I’m probably reading too much into this but maybe not

In a tense press conference alongside his British counterpart David Davis after the third round of exit talks in Brussels, Michel Barnier was scathing about the UK’s approach to the financial settlement, citizens’ rights and hopes for future access to the single market.

He said some of the recent British proposals showed “a sort of nostalgia in the form of specific requests which would amount to continuing to enjoy the benefits of the single market and EU membership without actually being part of it”.

His remarks drew an acid response from Davis, the UK’s Brexit secretary, who remarked that Barnier should not “confuse a belief in the free market with nostalgia”.

Over there (or, to me, over here) one can read the attitude as that free trade is some great privilege, some prize for which a toll should and must be paid to the bureaucracy. Over here (or, me, there) at least among the sensible free trade is the natural order of things and why wouldn’t everyone want it anyway, whatever the bureaucracy?

Thus some of the incomprehension here.

Of course, if that analysis is correct then we’ve really got to leave. Who wants to be run by people so wrong on something so basic?

52 thoughts on “I’m probably reading too much into this but maybe not”

  1. Obviously the Graun has been reporting these talks as if the EU is always right and the UK is always in the wrong hence, for Graun remoaners, these are not negotiations between equals but rather victory talks whereby the UK should just accept whatever terms are supplied.

    Also, Barnier is in the unfortunate position of not being able to negotiate in good faith. 27 governments have told him what they want him to achieve and all he can do is to keep insisting that the UK needs to accept whatever he offers. He has no room for flexibility

  2. It would be nice if you could open a city centre restaurant or nightclub without having to pay protection money as well.

    I mean the protection you pay to the local government as well as the set you pay to the local hoods. And possibly the third set to the local government employees.

    Idealism – meet the real world, take a back seat, and let utilitarianism make the decisions.

  3. Davis needs to hammer home that the “benefits” of SM/CU membership to the UK were never as great as the costs, but free trade is a worthwhile goal for all parties and is in fact worth more to the EU than the UK.

  4. It’s as if they think that tariffs are the Natural Order Of Things and almost automatically impose themselves by default. With this framework, it’s easy to see why the hard-of-thinking might conclude that a free-trade agreement is an aberration won after difficult fight against nature.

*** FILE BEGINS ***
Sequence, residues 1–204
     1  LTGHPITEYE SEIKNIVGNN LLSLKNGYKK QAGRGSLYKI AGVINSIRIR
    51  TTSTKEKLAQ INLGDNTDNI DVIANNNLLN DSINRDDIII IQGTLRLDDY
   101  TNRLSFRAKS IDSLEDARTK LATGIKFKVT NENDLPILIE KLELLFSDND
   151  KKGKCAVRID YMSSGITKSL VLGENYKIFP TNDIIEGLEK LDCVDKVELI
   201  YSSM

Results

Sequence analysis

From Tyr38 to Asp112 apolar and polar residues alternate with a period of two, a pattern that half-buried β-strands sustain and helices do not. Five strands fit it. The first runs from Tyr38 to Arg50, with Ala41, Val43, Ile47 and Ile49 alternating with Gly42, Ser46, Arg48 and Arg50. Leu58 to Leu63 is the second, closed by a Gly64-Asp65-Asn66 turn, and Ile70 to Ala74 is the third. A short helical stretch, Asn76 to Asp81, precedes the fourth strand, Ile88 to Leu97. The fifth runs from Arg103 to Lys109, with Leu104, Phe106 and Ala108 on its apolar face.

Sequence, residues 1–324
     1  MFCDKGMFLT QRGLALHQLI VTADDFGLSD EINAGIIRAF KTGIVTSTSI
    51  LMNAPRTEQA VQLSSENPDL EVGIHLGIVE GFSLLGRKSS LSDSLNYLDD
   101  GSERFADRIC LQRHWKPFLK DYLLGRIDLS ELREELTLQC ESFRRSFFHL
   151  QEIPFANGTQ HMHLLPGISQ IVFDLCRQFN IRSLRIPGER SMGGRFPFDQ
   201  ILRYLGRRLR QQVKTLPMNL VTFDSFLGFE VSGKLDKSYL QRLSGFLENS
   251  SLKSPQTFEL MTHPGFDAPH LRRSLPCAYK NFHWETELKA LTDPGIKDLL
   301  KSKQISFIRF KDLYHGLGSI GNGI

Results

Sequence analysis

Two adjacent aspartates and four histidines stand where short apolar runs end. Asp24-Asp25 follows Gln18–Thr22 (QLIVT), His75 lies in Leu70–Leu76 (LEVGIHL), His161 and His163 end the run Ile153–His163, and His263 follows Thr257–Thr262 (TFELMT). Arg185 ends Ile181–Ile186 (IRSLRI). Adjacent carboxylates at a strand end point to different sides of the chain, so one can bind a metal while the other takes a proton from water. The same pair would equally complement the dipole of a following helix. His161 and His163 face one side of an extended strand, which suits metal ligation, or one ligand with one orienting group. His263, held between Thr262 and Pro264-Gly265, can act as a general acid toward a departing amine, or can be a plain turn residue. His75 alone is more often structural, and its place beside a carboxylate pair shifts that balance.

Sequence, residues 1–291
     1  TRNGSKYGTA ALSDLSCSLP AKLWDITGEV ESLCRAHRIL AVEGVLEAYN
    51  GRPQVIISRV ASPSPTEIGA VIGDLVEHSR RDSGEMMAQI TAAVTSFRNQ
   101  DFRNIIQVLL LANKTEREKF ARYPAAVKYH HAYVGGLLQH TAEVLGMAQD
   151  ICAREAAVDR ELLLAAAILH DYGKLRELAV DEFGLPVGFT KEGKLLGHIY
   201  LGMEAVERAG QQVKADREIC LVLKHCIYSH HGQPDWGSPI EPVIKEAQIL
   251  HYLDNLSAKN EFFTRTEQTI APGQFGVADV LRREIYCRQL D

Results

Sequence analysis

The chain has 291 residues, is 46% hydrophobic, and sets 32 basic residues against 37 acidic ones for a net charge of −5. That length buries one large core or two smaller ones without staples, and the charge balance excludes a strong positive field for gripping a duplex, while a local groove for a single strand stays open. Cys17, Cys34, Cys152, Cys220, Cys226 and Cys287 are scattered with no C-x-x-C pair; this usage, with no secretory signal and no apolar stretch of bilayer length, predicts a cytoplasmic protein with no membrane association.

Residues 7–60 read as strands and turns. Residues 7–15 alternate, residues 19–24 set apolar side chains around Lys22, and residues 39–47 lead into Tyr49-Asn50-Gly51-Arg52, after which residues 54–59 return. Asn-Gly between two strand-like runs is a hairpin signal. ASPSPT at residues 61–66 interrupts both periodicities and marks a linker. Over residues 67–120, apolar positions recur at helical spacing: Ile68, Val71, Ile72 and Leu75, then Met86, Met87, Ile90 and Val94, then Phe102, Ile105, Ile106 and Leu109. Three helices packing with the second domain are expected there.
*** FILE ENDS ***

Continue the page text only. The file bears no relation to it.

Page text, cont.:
5. @Alex,

    Of course there is a racket element. Please show me an industry where there is no element of rent – political structures are the same. There is also a racket element to the British government, German government, and Nether Wallop Metropolitan Borough Council.

    The empirical fact is that independent countries not members of trade blocks are more protectionist than the EU is.

    Of course it’s debatable whether the price of admission is worth it. Britain believes it is not worth it, so is exercising its right to withdraw and stop paying the admission price. The cost of that so far being a ~20% devaluation.

    Tim is an idealist. A free trade fundamentalist to the point that he’s happy to pull back from something closer to free trade than any of the other options currently available because it’s not perfect and costs too much.

    In fact he’s happy to declare unilateral free trade (what about cocaine, machine guns, and other nasties?), but doesn’t accept that that is politically unfeasible – the demos will not support that. Proving that, sometimes, the demos gets it wrong.

  6. @abacab,

    Of course free trade should be the Natural Order Of Things and we should not have to fight for it. Like many things*, It is not and we do.

    * – See: universal suffrage, absence of slavery, freedom of establishment, women’s rights, due process, freedom of contract, right to travel, etc etc etc.

  7. Bloke in Germany